Case #833.1

Affirmative Action in the City of Pasadena (Epilogue)

Publication Date: January 01, 1988
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This three-and-a-half page ethics case describes a policymaking dilemma that confronted the Pasadena City Council in the spring of 1985: whether or not to extend affirmative action protections, designed for blacks, to Armenian-Americans. It briefly summarizes the content of the city's affirmative action statute, the demographic makeup of Pasadena, and the divisions within the Armenian-American community in southern California. It describes incidents of alleged discrimination against Armenian-Americans--which prompted initial interest in the protections of affirmative action law--and sketches the arguments articulated both in support of, and in opposition to, this proposal. It ends with the city council considering both the original proposal and a counter-proposal put forward by the city's Human Relations Committee: to extend affirmative action protection to any immigrant who had been living in the United States fewer than 15 years. A half-page epilogue tells students how the city council actually voted.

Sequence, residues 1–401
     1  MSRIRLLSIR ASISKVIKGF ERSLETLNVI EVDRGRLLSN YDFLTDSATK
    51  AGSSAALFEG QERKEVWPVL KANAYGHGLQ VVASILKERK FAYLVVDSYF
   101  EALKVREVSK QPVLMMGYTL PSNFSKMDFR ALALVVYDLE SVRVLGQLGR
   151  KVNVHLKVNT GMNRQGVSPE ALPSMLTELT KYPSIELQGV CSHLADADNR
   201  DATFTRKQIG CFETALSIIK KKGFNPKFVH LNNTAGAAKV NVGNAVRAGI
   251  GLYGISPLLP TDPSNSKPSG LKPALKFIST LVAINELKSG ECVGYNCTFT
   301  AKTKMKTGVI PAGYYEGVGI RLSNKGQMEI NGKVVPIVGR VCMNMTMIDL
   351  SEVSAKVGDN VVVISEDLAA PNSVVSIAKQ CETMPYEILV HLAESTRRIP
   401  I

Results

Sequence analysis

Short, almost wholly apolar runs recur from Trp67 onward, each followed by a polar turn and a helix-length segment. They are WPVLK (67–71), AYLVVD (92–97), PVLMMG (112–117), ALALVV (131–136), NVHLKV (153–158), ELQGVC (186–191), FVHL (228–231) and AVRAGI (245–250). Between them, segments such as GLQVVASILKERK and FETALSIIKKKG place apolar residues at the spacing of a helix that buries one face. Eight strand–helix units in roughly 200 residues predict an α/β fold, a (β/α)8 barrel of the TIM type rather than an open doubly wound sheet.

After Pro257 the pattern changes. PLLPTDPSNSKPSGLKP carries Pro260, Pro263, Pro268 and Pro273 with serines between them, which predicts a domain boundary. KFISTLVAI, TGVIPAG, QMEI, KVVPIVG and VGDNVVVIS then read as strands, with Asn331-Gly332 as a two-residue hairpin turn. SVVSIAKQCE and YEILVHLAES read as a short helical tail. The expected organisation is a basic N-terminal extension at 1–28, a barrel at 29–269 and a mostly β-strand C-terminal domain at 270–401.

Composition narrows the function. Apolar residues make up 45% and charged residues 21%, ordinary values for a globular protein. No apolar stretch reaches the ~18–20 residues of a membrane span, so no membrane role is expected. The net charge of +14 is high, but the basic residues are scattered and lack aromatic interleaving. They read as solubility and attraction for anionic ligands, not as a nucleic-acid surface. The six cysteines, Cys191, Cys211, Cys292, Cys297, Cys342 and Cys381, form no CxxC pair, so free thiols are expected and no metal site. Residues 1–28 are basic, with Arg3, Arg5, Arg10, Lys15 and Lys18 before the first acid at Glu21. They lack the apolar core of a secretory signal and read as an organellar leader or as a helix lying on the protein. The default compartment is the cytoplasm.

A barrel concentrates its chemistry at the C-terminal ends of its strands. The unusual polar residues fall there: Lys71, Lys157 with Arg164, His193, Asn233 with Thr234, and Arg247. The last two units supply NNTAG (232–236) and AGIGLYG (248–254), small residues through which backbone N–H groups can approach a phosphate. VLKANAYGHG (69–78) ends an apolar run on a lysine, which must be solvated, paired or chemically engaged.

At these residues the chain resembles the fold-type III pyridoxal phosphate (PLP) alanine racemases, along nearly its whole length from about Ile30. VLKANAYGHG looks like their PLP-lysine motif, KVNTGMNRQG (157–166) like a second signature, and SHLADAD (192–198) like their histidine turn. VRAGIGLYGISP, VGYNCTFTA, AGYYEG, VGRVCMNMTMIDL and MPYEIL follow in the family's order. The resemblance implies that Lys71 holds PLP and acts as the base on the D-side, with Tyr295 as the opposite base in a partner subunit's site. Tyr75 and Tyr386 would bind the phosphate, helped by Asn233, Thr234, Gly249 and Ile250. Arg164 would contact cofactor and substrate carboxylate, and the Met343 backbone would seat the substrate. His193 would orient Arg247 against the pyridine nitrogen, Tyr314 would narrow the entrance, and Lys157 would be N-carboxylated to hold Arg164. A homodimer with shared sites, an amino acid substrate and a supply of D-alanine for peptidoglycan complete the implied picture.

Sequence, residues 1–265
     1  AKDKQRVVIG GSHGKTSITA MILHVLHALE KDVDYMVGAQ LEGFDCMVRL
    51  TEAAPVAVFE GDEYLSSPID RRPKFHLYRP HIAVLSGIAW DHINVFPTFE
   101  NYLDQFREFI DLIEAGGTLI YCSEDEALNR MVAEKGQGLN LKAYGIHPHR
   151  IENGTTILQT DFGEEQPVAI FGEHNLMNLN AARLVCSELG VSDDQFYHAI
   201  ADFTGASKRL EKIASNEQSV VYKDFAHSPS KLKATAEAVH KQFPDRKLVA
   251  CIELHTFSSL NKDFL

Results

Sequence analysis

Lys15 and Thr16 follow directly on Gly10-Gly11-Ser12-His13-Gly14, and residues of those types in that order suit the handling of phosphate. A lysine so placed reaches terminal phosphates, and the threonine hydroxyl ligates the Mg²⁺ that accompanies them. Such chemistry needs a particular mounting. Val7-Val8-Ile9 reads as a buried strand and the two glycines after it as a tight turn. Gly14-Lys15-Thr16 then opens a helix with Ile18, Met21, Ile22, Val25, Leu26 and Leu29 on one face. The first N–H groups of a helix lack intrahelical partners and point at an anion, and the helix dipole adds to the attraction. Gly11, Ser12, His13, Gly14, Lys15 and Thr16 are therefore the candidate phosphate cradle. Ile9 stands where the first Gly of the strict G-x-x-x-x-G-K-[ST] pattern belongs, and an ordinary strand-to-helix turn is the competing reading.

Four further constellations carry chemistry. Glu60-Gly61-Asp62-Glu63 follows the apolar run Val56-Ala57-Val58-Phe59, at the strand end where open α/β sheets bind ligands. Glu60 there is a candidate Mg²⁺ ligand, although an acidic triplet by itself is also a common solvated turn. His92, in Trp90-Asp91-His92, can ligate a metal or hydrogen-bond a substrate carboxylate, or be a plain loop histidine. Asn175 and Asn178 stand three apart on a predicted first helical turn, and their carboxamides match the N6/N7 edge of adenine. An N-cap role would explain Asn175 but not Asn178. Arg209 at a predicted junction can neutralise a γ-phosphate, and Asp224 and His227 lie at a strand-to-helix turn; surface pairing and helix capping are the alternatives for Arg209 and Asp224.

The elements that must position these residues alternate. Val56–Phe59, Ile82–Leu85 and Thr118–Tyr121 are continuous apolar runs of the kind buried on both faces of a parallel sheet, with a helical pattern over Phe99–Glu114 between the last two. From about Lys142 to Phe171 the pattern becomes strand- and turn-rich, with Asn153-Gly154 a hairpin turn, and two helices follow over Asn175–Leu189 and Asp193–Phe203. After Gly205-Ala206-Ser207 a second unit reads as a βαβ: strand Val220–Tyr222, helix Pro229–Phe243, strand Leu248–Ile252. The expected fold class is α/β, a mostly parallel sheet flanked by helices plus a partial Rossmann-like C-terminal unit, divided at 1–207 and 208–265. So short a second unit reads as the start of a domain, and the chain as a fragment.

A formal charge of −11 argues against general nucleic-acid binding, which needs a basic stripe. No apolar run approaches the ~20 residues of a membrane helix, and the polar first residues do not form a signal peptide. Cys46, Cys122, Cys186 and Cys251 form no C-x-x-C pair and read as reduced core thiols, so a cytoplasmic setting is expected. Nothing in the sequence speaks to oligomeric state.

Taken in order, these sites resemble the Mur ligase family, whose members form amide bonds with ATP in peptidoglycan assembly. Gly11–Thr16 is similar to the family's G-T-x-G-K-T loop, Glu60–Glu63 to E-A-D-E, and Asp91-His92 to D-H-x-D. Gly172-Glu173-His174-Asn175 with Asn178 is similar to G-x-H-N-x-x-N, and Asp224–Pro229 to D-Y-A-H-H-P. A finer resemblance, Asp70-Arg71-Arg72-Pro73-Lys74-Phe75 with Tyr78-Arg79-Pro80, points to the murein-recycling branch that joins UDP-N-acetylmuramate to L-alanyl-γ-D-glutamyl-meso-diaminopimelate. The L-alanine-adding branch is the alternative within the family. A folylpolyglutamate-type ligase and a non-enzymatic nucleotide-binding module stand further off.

Learning Objective:
Students may be asked to play the role of city councillors, and to analyze what assumptions about affirmative action policy underlie the various options open to them.

Other Details

Case Author:
Pamela Varley
Faculty Lead:
Marc Roberts
Pages (incl. exhibits):
United States